If this is in the works, I've already got a CSV formatted index of my music collection that I could use to populate my metadata entries in MobileSheets. I suppose, essentially the principle is the same for both whether you're pulling data from the filesystem or some sort of data exchange format.
As far as the batch importing goes, I definitely have plans to add more control over what metadata is used for the imported songs. I like some of the ideas you guys have put forth, so I'll definitely use those concepts. I'm thinking that I'll allow users to specify the xml file they want to use for a given directory, otherwise I'll look for a file by a default name (metadata.xml works). I would also look for an xml file named the same thing as the imported file (abc.pdf->abc.xml), this would allow for details on individual files, or overrides.

As far as exporting goes, I'm actually going to generate my own unique file format that embeds all of the metadata, links, annotations, etc with the song (I may allow the user to choose what gets exported). Using this file format, I can also support exporting entire setlists. This would make it really easy to transport songs around. I personally like this idea better than having to send multiple files to people. What do you guys think?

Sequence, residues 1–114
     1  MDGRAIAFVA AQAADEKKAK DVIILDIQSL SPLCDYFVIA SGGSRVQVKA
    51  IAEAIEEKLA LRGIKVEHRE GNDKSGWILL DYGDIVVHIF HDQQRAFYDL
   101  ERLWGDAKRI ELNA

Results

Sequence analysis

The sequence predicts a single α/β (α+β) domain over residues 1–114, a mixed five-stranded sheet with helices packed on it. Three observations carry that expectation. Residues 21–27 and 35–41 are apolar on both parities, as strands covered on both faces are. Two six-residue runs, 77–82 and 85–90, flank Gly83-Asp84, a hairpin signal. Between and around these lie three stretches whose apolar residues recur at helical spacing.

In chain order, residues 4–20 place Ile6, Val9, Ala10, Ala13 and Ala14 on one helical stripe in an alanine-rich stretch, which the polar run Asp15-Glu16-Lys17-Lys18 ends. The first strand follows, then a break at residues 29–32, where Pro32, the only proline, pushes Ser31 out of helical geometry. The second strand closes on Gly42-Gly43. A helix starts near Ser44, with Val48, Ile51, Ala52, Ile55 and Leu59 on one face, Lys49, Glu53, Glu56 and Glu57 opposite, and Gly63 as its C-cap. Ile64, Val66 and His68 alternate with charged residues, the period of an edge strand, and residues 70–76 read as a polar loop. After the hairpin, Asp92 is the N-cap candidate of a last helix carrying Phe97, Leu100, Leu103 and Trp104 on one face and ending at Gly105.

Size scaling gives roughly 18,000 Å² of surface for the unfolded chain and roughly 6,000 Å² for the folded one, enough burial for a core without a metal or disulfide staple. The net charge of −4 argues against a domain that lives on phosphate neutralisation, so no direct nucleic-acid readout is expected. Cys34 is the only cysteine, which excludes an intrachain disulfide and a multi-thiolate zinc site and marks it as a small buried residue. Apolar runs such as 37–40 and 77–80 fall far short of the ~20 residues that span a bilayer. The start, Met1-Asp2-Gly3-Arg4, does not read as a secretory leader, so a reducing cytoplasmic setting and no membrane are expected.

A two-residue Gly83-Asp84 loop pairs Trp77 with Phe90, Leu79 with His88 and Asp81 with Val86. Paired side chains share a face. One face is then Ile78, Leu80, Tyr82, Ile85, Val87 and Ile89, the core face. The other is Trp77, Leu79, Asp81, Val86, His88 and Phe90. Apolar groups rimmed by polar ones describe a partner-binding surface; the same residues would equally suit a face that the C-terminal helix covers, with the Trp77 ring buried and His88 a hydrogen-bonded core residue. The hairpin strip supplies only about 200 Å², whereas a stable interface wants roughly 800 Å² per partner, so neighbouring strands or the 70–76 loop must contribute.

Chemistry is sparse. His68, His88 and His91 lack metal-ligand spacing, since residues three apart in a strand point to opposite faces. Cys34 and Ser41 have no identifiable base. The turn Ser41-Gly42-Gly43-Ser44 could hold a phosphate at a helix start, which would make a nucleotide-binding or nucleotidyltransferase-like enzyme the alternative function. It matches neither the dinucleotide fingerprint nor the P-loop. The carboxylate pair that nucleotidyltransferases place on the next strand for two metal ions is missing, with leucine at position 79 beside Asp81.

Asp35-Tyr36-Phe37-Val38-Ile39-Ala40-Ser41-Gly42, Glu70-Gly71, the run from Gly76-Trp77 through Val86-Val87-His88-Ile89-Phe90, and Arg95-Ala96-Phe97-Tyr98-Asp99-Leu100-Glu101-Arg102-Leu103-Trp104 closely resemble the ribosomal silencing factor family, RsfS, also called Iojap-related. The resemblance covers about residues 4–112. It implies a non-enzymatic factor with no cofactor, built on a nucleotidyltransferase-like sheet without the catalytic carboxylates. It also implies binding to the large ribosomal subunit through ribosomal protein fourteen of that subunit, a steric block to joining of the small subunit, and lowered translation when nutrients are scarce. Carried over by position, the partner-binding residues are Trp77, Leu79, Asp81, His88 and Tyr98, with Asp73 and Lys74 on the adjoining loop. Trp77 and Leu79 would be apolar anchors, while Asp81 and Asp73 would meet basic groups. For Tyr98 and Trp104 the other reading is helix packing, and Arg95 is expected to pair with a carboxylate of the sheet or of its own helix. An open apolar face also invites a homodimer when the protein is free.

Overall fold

Bejomin - do you care if I use xml versus CSV? The more file formats I try to support, the more confusing it will get to explain to users, but if more people might use CSV, I'm open to it.
One thing that's nice about XML (versus CSV) is that it lends itself to hierarchical data. CSV works best for 2 dimensional data (i.e. rows and columns). So for example, when MobileSheets is updated to allow multiple artists for a song, this might be messy to handle in a CSV file (i.e. a semicolon separated list?), but it would be easy in XML. (I am probably preaching to the choir [ha!] for our program author)

Oh, one more note: if you have a recent version of Excel, it can load and save XML data (after you create an XML map), so an existing CSV file can easily be converted to XML.
Silly of me to mention CSVs really, it's only that that's the format I currently have—an index that PianoFiles conveniently generated for me. I don't think it's a necessary format to support, and would just translate my data to the XML schema you devise.
I like the ideas you propose, and especially that metadata can be included per folder or per file. I must say that being able to export data in a human-readable format that you can play with would still be useful. I'd love to be able to use the metadata from MobileSheets in applications on my desktop, even if it's just make a database of all the sheets I have.

Completely off topic, but my ultimate dream when it comes to PDF music, and something that I've researched a fair deal and not found any existing solutions for, would be some sort of music-oriented CMS. I could bring up my music database and search for all songs of a particular type/genre/voicing/etc., and then instantly click a link that takes me to the right page in the right file. It's the same as an application like MobileSheets, except that one file could be referenced by one song or by many, each referring to a particular page as well. Maybe I've just been googling for the wrong things...